NOTE: GrowthBeat is less than 2 weeks out! VentureBeat is gathering the best and brightest in modern digital marketing to help declutter the landscape, simplify the functions, clarify the goals, and point the way to success. Get the full scoop here, and buy your tickets while they last.
Apture, a startup trying to improve online reading with a smooth way to explore extra content, is rolling out what chief executive Tristan Harris called the company’s biggest implementation yet: Apture’s technology will soon work on the millions of documents shared on Scribd.
Harris demonstrated the partnership to me on a couple of sample documents, and it works pretty similarly to Apture’s integration with news sites like The New York Times and the Financial Times, as well as VentureBeat. When users highlight a word or phrase, a box appears above the selected text, offering an opportunity to learn more. If users click on the box, Apture opens a small window with Web content from sites like Wikipedia, YouTube, and Flickr — for example a person’s Twitter account, or a Wikipedia article explaining a technical term. And users can run an Apture search on any of the terms in the new window, allowing them to really chase down a topic by opening window after window.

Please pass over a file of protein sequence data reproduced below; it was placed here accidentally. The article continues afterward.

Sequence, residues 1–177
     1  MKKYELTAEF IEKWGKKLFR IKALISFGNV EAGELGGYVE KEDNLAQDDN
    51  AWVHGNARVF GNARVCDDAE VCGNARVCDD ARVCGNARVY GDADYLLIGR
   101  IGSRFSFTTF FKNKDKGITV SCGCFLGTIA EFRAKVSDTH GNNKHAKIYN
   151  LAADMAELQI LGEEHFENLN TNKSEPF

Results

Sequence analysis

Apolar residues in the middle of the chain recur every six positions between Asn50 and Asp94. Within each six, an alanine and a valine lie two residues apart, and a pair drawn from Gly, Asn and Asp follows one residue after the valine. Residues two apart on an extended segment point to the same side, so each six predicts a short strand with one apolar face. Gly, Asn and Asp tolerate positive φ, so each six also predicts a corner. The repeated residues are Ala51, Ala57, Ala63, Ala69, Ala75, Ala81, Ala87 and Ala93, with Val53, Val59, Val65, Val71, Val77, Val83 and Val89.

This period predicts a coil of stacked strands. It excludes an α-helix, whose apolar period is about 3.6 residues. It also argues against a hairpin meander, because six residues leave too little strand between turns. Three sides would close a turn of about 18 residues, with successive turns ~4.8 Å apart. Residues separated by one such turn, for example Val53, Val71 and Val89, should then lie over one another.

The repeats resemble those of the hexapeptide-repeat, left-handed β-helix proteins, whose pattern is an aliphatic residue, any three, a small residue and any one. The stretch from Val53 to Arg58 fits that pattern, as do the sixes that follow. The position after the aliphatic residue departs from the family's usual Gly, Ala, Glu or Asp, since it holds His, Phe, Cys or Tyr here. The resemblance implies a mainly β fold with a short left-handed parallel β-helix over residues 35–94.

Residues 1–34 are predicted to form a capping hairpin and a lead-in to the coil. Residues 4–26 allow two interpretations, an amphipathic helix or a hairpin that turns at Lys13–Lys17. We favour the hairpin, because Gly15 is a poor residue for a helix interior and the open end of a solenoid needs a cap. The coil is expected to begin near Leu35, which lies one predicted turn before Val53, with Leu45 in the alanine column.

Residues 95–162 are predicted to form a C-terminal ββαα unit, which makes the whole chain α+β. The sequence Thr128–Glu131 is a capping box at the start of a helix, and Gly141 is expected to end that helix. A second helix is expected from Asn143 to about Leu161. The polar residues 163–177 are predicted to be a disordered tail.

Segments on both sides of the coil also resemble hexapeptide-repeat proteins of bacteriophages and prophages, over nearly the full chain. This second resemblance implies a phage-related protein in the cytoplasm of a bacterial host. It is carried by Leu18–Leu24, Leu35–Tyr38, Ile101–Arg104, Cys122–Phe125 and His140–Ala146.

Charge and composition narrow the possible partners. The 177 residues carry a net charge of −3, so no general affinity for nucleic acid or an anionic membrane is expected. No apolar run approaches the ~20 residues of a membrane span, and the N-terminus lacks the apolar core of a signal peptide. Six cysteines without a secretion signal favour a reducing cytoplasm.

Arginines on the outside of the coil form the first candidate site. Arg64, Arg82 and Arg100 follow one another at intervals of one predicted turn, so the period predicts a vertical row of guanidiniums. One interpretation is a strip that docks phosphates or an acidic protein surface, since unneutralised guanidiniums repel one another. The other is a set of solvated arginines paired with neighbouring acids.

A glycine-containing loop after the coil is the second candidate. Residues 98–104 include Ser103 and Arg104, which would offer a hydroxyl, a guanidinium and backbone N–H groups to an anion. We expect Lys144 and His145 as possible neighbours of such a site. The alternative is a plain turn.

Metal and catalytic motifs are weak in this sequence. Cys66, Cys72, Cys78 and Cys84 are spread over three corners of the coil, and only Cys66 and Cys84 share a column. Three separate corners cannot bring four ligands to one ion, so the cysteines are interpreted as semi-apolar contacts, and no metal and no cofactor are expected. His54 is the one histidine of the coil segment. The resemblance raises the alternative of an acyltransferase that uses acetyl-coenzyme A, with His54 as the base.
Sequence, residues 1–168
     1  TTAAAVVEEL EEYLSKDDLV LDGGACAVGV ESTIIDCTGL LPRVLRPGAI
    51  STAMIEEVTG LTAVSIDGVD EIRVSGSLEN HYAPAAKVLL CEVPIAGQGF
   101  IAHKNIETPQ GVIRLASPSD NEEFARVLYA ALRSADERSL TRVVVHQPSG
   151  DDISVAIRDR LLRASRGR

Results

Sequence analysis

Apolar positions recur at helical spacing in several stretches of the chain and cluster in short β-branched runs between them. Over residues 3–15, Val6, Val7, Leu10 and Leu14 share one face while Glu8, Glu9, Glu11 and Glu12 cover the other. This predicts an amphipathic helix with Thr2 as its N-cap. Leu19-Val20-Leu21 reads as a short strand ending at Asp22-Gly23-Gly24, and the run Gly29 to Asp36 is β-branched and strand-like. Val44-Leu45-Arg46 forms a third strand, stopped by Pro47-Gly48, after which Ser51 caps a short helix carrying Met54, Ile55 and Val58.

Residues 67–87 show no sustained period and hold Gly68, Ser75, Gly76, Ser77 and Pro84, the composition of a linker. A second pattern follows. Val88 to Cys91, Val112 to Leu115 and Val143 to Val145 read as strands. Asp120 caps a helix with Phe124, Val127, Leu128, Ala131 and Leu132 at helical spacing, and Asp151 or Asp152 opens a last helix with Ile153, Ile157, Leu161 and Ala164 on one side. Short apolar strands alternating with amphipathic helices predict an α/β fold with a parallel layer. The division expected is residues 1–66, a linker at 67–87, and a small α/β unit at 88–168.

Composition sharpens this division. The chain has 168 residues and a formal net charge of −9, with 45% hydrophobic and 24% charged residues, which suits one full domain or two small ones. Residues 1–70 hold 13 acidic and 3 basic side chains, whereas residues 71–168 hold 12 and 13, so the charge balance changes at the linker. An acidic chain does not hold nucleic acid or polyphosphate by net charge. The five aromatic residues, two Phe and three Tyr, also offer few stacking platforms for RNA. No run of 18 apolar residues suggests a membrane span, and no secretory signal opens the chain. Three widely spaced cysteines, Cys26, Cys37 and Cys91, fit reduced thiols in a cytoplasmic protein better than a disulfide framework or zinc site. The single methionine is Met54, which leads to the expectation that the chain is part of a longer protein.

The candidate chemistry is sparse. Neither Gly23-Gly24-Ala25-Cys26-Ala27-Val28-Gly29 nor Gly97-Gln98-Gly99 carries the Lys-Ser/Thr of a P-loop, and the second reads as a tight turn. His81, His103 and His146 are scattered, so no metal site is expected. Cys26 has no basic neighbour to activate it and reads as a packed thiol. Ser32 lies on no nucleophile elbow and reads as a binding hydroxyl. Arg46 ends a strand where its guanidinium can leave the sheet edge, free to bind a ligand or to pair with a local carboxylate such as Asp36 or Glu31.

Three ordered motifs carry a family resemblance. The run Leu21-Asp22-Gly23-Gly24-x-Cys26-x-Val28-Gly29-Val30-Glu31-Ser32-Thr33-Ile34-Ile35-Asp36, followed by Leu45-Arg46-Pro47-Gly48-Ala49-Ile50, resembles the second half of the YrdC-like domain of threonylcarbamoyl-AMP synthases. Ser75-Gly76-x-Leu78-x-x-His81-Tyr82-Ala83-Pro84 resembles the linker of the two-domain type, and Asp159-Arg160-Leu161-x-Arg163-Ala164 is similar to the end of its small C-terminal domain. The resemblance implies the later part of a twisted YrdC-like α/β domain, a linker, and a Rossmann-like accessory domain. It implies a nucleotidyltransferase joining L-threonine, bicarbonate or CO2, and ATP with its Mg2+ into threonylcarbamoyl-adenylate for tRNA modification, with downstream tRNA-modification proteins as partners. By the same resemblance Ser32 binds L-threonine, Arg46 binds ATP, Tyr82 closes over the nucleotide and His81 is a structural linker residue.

The difference here, of course, is that Scribd doesn’t host traditional Web content — it’s a site where users can share (and sell) books, magazines, and other documents. This is written content that normally wouldn’t have any links to the online world at all. The new partnership is the online equivalent of opening a book and finding that you can watch videos or read articles related to anything inside.
The news follows Scribd’s announcement earlier this year that it’s switching its document viewer from Adobe’s Flash technology to HTML5, so the content can become more interactive, as well as accessible to search engines.
As an example of how Apture might change the reading experience, the company worked closely with author Kemble Scott to create a special electronic version of his novel The Sower. Scott, who has already been a hit on Scribd and elsewhere, found (and in some cases, rewrote) terms that were particularly enriched with an Apture search, and he highlighted them in yellow, essentially creating a reader’s guide in the text pointing to supplemental content.
Plus, of course, the partnership brings Apture to a new audience — Scribd’s 55 million monthly visitors. Scribd, meanwhile, has an opportunity to keep users reading its documents. Apture says that after its technology is activated, on average visitors stay on a webpage for two to three times longer.
For now, the Apture integration only works on the Scribd website, not on its mobile document reader or on documents embedded on other sites.